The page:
Alissa Scott/Recorder staff Alan Brown, part owner of properties on Division Street in Fort Plain, said Wednesday it was a hard decision for him to keep his businesses open in the wake of floods that tore through the village, but he will.
Alissa Scott/Recorder staff Ragtime, a collectibles shop on Main Street in Fort Plain, will reopen today, despite the indefinite closure of some of its neighbors, part owner Tay Milks said.
By ALISSA SCOTT
Recorder News Staff
FORT PLAIN -- Though countless local shops now bear signs telling would-be customers, "Sorry, due to flooding, we're closed," a handful of Fort Plain are still pushing to stay afloat.
"Oh, we're staying open," Steve Grimm, a part owner of Geesler's Plumbing on Canal Street, said. "No, we'll be open. We're doing work now and we'll be open by next week."
Geesler's, which sells water pumps and heaters, a commodity in Fort Plain post-flooding, has a sign in its front window that says it's open "hit and miss." Many residents know the back entrance is usually open to serve customers, however.
Fort Plain Mayor Guy Barton has said 87 businesses have told him they won't be reopening, but several others in this flood-stricken village are determined to open again.
"Kathy's Attic, Papa Joe's, the Newsstand," Tay Milks, part owner of Ragtime on Main Street, said of her neighboring businesses she has heard won't be reopening. "I think we even lost the Chinese restaurant [Red Lantern.] It's going to be a ghost town."
Milks said she is blessed to not have sustained damage to her store.
"Our saving grace, our only saving grace, is that Ragtime is upstairs," Milks said.
Ragtime, a collectibles store that sells "stuff" from the second floor of 37 Main St., will reopen for business today, Milks said.
"My feeling is that with all the devastation and all the loss of things, people are going to need stuff," Milks said. "And Ragtime has it."
Milks said when she saw the floodwaters rising up to her home on Canal Street, an old commercial structure that crafted tombstones years ago, she was the most frightened she'd ever been in her life.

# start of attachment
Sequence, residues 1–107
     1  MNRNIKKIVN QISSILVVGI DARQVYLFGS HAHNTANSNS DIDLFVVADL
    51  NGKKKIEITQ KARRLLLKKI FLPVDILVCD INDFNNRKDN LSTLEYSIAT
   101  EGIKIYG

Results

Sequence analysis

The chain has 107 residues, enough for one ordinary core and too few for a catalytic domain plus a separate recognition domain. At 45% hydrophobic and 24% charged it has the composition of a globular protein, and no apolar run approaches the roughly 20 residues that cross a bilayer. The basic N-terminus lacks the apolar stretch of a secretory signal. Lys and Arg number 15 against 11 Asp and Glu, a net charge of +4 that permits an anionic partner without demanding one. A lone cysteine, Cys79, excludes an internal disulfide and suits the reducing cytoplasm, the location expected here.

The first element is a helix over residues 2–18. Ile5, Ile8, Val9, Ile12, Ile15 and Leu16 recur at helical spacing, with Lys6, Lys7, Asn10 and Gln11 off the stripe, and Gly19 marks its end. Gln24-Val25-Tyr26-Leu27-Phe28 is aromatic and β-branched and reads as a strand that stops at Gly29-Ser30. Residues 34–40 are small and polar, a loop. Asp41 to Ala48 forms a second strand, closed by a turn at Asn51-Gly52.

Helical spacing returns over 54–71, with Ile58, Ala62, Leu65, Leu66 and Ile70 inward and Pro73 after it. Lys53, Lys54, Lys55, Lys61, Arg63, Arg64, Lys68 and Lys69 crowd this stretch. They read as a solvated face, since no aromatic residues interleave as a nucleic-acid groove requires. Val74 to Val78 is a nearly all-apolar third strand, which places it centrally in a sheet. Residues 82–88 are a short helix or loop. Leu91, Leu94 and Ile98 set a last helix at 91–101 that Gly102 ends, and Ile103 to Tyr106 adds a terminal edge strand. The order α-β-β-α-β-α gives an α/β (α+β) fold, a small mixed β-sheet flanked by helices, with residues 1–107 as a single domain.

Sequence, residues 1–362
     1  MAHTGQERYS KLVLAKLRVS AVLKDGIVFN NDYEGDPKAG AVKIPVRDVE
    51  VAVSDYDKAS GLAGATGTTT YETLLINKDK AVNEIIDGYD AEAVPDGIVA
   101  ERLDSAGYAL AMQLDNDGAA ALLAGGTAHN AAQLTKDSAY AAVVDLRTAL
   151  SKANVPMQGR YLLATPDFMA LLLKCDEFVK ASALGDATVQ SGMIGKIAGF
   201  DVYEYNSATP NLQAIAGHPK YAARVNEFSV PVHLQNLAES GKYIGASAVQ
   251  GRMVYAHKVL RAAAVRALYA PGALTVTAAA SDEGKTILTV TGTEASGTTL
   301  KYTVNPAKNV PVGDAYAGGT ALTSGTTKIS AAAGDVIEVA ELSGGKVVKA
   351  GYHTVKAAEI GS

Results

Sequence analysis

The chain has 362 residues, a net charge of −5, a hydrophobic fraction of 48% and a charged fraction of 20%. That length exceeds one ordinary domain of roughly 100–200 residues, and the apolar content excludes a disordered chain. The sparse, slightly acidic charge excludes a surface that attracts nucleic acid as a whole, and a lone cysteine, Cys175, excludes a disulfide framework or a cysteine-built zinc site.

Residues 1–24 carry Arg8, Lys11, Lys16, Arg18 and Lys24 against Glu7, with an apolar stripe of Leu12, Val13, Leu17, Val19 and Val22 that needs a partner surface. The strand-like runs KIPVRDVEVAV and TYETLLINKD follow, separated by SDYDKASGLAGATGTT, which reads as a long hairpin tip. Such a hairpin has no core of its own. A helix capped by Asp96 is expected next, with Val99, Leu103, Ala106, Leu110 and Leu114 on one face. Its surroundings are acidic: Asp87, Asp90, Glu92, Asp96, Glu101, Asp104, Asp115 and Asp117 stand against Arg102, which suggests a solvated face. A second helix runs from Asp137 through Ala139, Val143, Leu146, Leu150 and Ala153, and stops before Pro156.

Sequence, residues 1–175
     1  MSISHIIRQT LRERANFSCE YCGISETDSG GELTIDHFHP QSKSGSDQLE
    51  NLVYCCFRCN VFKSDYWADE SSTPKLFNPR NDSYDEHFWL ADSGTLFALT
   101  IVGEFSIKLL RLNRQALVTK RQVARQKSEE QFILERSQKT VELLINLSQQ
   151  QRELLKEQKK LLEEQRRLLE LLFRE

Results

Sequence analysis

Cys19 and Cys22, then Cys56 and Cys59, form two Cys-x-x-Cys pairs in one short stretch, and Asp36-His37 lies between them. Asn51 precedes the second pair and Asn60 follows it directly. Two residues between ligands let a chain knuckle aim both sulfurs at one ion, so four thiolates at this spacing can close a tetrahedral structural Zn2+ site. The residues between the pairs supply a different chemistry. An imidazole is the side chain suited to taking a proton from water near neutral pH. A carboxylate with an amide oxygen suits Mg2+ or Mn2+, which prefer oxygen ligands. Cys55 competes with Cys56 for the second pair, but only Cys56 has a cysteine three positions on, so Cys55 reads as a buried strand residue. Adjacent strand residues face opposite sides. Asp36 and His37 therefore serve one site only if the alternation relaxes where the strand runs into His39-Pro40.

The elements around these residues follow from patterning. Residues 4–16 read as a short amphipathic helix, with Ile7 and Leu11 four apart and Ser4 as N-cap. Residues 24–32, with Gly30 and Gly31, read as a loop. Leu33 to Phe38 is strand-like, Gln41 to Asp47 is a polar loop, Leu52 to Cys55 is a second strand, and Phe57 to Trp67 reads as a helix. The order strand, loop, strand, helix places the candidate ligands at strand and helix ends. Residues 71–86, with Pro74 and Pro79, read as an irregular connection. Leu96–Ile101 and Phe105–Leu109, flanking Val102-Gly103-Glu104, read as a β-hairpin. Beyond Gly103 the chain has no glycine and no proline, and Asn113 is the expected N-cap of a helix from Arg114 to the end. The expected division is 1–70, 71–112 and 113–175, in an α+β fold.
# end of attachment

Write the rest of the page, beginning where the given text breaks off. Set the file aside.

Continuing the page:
"Even so, there's still life left in town," Milks said. "We just went through a slight breakdown. We'll get it together."
Alan Brown, who is a part owner of the laundromat and tax office shops on Division Street, said everything was back open on Wednesday, though he was still waiting for National Grid to return gas to the laundromat.
Brown said he also owned a laundromat in Canajoharie in 2006 when it experienced devastating flooding, so this is his second time involved in the restoration process.
Because Save-a-Lot and Family Dollar were wiped out by the flood, Brown said he's worried about business to his own stores.
"I was really debating whether to invest in this place or call in a wrecking ball," Brown said, with a saddened chuckle. "What really scares me is the fact that the grocery stores closed. A lot of people come do their laundry and then they need something to do while it's going. Now that they don't have the grocery stores, I'm scared they're going to head someplace else."
Brown said he's thought about selling the property, but he doubts he would get much out of it, considering all the money he's invested thus far.
"But really, who's going to want to buy a flooded out building?" Brown asked.
Brown said he estimates he's already lost between $4,000 and $6,000 worth of business, though he has seen regulars start to return to the laundromat.
As they continue to dust off their property, toss debris out to the curb and flip their signs to "open for business," Milks said all that's left is to wait for the residents of Fort Plain to start coming back in.
"I don't care how minimal your damage was, the clean up is still major," Milks said. "We are truly blessed. We were spared. But I know everyone else wasn't."